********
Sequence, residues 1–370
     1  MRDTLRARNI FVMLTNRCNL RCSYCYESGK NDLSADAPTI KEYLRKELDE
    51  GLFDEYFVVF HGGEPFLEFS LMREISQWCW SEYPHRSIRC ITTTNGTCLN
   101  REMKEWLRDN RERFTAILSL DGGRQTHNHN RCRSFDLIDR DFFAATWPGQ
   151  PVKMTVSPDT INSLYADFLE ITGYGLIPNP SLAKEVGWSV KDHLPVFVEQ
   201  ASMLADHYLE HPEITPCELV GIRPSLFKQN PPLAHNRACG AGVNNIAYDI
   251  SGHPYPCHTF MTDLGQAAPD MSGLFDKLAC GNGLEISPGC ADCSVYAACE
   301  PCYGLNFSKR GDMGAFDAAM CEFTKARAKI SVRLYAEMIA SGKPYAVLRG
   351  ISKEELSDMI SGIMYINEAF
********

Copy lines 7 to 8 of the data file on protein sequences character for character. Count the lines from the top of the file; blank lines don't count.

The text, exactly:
   251  SGHPYPCHTF MTDLGQAAPD MSGLFDKLAC GNGLEISPGC ADCSVYAACE
   301  PCYGLNFSKR GDMGAFDAAM CEFTKARAKI SVRLYAEMIA SGKPYAVLRG